I completed my main placement on my PGCE at the school where John is Headteacher. Prior to his lecture, I spoke to both John and Alex Quigley (my former Head of Department) who was also involved in the speech. I was persuaded to visit their lecture after finding out that a lot of their discussion would be directly related to what I wanted to achieve in my classroom despite me wanting to go see what Dr. Rebecca Allen and Joe Kirby had to say about Teach First. This proved to be a very good decision with John and Alex talking the delegates through their research in the classroom and what lessons they learnt from it. A very useful session for an individual teacher who wants to implement research in their own classroom in a useful way.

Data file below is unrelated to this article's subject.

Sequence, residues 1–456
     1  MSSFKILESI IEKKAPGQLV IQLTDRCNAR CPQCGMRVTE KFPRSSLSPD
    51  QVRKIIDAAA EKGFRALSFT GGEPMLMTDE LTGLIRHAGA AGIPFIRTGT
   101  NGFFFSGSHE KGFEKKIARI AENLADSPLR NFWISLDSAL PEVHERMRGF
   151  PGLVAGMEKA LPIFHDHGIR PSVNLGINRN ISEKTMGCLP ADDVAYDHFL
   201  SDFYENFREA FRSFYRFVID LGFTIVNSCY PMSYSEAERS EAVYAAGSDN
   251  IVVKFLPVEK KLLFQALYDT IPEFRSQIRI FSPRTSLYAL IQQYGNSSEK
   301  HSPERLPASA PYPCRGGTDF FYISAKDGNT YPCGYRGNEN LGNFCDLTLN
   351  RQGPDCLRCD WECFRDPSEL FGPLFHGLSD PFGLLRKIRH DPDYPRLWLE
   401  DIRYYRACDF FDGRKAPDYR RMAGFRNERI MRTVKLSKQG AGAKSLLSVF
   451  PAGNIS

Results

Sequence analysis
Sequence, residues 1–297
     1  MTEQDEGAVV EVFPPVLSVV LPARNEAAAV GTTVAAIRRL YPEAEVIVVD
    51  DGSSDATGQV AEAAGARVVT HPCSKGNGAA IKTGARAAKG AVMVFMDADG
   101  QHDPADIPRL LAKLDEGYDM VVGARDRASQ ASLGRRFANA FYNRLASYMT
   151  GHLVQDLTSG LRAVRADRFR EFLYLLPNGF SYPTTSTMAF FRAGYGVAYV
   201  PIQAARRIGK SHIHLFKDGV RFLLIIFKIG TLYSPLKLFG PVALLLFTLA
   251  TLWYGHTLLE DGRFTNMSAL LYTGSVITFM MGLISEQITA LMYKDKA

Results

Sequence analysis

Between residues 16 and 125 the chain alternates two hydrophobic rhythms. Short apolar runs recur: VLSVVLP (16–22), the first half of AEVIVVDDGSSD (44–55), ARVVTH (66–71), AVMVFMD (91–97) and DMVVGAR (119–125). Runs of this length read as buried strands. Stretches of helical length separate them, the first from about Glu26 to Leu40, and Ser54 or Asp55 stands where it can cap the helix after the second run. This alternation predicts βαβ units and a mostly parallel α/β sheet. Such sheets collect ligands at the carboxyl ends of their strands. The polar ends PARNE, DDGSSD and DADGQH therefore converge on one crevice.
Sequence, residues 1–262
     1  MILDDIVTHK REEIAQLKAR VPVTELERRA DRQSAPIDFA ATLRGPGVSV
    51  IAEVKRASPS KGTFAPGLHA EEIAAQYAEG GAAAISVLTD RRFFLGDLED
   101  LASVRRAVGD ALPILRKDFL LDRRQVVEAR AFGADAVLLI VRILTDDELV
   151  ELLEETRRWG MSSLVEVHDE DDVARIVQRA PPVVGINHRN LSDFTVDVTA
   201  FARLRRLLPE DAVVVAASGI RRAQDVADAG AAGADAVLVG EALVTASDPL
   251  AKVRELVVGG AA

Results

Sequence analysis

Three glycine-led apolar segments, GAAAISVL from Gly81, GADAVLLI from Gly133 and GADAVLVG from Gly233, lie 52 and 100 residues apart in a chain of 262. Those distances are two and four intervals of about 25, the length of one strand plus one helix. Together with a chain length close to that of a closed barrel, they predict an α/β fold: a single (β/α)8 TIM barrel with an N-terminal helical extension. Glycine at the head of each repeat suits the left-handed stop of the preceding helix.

As Chief Executive of CUREE, Phillipa has vast experience of using and devilish evidence in education. The session was useful if only for the examples she gave of teachers who had implemented successful research in their classrooms to benefit their students' learning. One question which was posed was 'how do teachers get access to the studies and links that will benefit their classrooms?' and although Phillipa said that she'd come back to answering the question later, due to time constraints she was unable to answer it.
Tom's session focused on the CamSTAR model of school-based action research in his KEGS school where he is head. A lot of what Tom said would have been useful for most schools but unfortunately, a lot of what he said was already in place at my previous school (Cramlington). However, he did have some incredibly insightful comments about the culture school-based action research creates. One comment that seemed particularly apt was that we would go much further if more people in education invested in a research culture rather than worshipping 'teaching gods' who impose their views from afar.
Dr. Jonathan Sharples